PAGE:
Some days seem to have a theme to them.
This morning, your contributor went to post a parcel, and,
as usual, chatted for a few minutes with the sub-postmaster – one of a dying breed
in the UK.
This admirable man has managed to compensate for the decline
in postal services by expanding his shop to sell other products.
His reward is a massively increased bill for rates –
property taxes that in Britain are now only levied on places of business.
“I don’t know why I bother,” he said.
He has often said that over the years, but now his hair is
grey, and income is decreasing at the very time that fixed costs – the rates
most of all – are increasing. He cannot see things getting better.
He is the classic hard-working immigrant who has made money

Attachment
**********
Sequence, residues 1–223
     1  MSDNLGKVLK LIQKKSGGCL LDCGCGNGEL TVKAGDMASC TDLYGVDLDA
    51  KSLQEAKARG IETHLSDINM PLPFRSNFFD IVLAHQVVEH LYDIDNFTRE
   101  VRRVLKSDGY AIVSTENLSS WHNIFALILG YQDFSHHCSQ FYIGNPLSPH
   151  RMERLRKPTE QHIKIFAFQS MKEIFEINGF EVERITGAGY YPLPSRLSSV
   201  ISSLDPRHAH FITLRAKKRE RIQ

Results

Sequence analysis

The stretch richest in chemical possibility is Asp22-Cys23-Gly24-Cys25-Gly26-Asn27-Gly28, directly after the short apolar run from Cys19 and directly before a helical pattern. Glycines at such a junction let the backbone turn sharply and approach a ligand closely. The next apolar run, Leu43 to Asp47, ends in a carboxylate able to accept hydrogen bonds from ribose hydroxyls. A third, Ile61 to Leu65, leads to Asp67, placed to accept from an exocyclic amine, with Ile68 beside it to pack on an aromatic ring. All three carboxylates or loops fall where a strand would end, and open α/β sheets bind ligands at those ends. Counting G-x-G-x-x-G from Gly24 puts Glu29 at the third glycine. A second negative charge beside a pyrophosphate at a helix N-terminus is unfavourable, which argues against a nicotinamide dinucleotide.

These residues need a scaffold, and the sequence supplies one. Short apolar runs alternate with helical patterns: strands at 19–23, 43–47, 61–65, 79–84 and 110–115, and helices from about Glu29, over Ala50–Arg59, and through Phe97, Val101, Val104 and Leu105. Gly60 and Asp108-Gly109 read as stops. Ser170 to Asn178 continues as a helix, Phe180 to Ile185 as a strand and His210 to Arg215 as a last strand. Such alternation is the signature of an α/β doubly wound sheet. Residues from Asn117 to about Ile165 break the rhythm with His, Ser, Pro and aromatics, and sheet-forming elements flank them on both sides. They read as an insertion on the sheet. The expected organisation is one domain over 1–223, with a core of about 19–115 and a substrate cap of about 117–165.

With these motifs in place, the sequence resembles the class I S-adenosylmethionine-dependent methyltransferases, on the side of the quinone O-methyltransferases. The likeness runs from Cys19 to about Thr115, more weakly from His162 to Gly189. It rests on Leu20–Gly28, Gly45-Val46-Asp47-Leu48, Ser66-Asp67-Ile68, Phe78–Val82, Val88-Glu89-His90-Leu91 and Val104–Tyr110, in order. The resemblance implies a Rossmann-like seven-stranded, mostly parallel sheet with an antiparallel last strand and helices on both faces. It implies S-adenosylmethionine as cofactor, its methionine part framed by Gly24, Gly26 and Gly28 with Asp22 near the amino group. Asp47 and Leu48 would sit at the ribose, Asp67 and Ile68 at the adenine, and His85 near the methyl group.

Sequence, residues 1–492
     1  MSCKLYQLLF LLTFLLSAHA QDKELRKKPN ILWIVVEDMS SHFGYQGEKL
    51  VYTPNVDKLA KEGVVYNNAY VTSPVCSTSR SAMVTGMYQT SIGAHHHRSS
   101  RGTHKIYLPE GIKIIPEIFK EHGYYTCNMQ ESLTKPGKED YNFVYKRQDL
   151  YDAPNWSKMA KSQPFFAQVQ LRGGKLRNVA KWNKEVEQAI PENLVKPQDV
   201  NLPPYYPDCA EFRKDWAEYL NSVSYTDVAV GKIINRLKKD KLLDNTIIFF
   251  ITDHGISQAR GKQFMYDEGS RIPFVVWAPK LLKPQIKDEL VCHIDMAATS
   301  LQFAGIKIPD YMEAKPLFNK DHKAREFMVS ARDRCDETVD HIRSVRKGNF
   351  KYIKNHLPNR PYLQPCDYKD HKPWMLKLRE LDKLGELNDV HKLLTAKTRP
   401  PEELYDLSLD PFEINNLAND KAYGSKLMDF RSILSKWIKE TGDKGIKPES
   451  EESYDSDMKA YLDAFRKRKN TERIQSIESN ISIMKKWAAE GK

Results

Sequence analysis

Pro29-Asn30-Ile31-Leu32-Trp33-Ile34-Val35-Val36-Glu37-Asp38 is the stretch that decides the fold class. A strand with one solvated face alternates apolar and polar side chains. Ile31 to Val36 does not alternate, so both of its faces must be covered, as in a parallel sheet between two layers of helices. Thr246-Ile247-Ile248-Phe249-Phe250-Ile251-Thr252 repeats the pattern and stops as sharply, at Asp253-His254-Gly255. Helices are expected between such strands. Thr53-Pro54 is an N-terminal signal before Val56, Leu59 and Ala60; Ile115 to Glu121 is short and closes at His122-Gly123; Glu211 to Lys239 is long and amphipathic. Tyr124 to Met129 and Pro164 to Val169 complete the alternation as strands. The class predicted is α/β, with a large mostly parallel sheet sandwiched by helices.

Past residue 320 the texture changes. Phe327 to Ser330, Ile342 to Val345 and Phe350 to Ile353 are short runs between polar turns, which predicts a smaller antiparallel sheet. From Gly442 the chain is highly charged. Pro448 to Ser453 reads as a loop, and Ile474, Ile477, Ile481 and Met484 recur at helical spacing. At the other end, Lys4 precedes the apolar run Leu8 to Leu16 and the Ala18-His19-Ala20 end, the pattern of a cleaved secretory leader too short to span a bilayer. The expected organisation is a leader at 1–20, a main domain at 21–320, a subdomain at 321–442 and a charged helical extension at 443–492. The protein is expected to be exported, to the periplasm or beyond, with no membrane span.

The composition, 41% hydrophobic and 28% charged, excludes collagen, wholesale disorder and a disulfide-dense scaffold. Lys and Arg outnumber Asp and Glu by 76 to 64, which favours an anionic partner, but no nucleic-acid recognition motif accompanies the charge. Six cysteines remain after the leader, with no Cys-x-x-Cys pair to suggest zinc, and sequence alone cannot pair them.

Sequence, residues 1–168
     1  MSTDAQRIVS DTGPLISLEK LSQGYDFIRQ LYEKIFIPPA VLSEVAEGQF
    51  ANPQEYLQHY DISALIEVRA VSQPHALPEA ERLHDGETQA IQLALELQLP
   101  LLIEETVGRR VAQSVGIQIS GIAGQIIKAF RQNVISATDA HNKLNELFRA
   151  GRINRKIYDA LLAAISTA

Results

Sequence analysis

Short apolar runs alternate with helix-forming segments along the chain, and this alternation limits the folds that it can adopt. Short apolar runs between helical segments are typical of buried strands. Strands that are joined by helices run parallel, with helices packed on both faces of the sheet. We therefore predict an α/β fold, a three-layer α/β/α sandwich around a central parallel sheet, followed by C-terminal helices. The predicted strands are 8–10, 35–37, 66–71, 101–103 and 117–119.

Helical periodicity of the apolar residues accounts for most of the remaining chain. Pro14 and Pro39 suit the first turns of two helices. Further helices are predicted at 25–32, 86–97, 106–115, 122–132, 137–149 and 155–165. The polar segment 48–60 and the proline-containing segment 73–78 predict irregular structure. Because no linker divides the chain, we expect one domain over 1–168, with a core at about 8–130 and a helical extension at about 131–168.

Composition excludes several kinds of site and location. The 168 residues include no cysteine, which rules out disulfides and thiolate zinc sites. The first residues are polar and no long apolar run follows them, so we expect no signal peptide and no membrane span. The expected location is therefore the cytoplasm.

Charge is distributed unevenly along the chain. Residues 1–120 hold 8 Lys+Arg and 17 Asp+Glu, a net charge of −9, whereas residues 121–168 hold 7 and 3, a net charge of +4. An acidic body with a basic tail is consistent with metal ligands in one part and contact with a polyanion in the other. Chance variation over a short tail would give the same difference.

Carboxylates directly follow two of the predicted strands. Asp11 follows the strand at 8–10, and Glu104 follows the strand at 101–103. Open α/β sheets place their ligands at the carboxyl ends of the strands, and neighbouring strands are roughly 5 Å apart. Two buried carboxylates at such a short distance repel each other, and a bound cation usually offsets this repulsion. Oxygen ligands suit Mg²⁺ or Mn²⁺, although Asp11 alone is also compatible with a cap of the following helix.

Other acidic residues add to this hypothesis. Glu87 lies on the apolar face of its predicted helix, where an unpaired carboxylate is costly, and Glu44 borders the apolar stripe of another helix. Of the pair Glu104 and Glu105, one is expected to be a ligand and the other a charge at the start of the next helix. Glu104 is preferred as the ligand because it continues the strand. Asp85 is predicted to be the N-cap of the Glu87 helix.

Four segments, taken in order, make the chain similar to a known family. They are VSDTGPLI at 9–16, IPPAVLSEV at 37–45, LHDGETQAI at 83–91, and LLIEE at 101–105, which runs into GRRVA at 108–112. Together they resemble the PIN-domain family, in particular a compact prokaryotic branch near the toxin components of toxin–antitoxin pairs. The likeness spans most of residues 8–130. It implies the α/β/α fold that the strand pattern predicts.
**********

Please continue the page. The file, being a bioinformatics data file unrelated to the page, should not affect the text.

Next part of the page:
out of a marginal business through long hours and enterprise. If he decides to
retire, it is unlikely that anyone else could be found who was willing and able
to do the same. The economy would lose another otherwise viable business, and
the local community would lose a valuable facility and social centre.
This afternoon, your contributor read a piece
on the same subject in Management Today,
after a recommendation from reader Martin – please keep the recommendations
coming, by the way.
It is no exaggeration to say that, within the British small
business community, business rate rises are the subject of as much complaint
and concern as the recession.
Shop-owners in particular are asking, “Why bother?”
Politicians do not care – it is a tax that it is
conveniently hidden from most voters. The media – who publicise the
politicians’ promises to “help” business without criticism or analysis – do not
Yet unless someone begins to care, tens of thousands of
otherwise viable businesses will close – and they will not reopen, or be
replaced, even after the recession ends.